THERE IS a tremendous concern in this country about our educational system. At least 1,567 commissions are studying it, 18,732 professors are now writing books critical of it, and every politician running for office is demanding a change in it.
I myself have opted for the Makepiece Plan, put forward by Harvey Makepiece of the Society for the Abolishment of the Three-Chocolate-Milk Lunch.
Makepiece told me, "It's obvious that 5 and 6-year-olds are not ready for grade school. Their minds and bodies are too fragile to take on the difficult tasks that their teachers assign to them. They should have more leisure and fun before they get down to work."
What do you suggest?" I asked him.
"We send them to college first and let them work off their high spirits."
"I'm not sure I follow."
"Let first graders have their first taste of school in college. Give them a chance to join sororities and fraternities, go to football games, frolic on the campuses, and have pantie raids in the dorms. College is not the time for serious school work and it is the perfect place for children from the ages of 5 to 9 to have a good time and get used to attending classes, where they can sleep, flirt or cheat on their studies.
"Very few demands are made on college students. They can cut classes, spend their days in the student union and their evenings listening to rock music."
"And then what?" I said.
"After four years of college, a child is ready to tackle high school. High school, as you know, is just a little tougher than college and a child would have to get down to work. Not too much work, but enough to get him or her interested in books. The student would still have an opportunity to attend football games, date once in a while, if he or she wanted to go to an occasional dance and drive around in a car after three o'clock.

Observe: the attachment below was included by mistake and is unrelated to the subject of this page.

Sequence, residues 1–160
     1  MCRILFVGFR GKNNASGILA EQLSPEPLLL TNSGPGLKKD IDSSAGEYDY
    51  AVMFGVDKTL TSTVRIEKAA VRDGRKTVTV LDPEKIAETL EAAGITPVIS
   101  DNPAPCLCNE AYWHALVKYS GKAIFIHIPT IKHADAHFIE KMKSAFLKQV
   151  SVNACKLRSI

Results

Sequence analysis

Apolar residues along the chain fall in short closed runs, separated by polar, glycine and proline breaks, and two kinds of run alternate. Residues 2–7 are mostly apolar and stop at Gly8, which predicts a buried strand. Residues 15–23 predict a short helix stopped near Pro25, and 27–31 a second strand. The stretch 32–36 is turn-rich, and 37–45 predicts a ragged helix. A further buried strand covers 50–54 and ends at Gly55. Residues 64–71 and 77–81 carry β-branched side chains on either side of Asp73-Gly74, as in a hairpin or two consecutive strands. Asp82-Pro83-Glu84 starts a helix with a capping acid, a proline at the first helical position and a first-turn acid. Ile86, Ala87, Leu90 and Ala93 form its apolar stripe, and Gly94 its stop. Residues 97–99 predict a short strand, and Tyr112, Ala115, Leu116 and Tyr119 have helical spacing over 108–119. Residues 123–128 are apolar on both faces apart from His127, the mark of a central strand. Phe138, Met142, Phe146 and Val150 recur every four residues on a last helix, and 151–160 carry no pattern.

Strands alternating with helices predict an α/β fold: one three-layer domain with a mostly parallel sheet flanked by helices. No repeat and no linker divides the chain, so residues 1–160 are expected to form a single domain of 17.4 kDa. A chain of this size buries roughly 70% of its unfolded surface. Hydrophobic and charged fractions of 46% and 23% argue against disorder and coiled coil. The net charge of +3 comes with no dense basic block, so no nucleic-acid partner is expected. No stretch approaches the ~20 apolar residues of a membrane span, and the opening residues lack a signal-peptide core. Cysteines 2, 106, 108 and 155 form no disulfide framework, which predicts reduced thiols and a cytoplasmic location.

"But high school would still give the youth a feeling that life is not a bowl of cherries and that he or she is going to have to take education seriously.
"Also the student would have to work hard because he or she knows that there are only a certain number of places open in grade school, and to be able to go on to the school of his or her choice would mean making the grades to qualify."
"Then," I said, "What you're advocationg is that grade school be the last one a student must attend."
"That's correct. After the pleasures of college and the joys of high school, a student whould be mature enough to face life in the tough world of grade school. There are no fraternities or sororities to distract them. Social life is at a bare minimum, teachers in grade schools don't take any back-talk from their students, and corporal punishment is permitted. Lower public schools have no football teams or extra-curricular activities. If the truth be known, it's an eight-year grind and no one accepts any excuses from a kid who can't make it from grades one to eight."
But grade school is so long." I protested. "Do you think teen-agers could go to the distance without dropping out?"
"No one drops out of grade school. All of them are prepared to come to grips with it, particularly when a grade school diploma will be the highest one that any student can receive. A grade school education under my system is what every parent in this country will want for his kid."
"But what about graduate school?" I asked.
"Those who want to go on to graduate school could enroll in kindergarten."
"You're advocating a complete reversal of the American educational system." I said. "Do you think this country is ready for it?"
"After what we've seen of our students for the past 10 years, this country is ready for anything."